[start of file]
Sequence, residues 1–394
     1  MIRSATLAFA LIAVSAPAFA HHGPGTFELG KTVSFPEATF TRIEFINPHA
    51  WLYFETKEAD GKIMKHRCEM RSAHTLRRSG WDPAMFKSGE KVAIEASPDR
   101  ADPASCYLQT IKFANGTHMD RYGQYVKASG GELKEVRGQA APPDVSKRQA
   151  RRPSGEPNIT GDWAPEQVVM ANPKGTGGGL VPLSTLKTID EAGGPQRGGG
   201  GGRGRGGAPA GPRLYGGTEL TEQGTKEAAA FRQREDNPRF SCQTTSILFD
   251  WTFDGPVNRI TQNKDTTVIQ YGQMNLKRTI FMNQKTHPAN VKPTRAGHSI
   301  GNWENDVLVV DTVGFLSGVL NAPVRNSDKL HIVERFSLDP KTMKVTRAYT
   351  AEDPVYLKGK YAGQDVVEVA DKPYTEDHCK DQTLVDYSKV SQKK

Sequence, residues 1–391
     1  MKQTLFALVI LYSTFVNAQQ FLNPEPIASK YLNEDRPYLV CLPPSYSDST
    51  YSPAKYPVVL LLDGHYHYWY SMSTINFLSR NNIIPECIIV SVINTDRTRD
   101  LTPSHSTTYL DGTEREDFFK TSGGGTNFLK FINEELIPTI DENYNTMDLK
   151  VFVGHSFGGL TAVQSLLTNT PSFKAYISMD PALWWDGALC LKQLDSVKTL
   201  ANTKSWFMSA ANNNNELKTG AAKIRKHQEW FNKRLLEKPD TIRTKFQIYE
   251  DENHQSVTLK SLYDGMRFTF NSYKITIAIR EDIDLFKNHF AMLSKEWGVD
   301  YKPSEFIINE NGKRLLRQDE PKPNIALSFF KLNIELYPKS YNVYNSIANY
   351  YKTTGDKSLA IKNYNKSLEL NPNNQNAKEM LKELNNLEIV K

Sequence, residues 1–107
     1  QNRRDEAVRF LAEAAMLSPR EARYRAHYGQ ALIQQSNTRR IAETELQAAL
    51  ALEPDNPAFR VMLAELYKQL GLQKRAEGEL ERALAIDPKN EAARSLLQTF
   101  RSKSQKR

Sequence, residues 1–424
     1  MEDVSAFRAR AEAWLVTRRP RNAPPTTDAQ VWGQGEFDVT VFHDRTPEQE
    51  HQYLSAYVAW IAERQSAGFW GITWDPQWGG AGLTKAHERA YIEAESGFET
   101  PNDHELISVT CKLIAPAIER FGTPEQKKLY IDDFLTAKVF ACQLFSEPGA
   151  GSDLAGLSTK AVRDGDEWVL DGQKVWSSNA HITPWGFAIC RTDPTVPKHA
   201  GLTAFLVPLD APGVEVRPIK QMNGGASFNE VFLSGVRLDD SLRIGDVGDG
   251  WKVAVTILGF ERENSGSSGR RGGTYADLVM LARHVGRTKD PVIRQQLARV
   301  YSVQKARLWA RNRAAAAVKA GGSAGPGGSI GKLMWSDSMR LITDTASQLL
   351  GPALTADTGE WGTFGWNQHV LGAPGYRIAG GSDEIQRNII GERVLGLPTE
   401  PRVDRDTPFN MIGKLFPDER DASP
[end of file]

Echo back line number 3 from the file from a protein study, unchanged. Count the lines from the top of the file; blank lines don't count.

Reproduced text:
    51  WLYFETKEAD GKIMKHRCEM RSAHTLRRSG WDPAMFKSGE KVAIEASPDR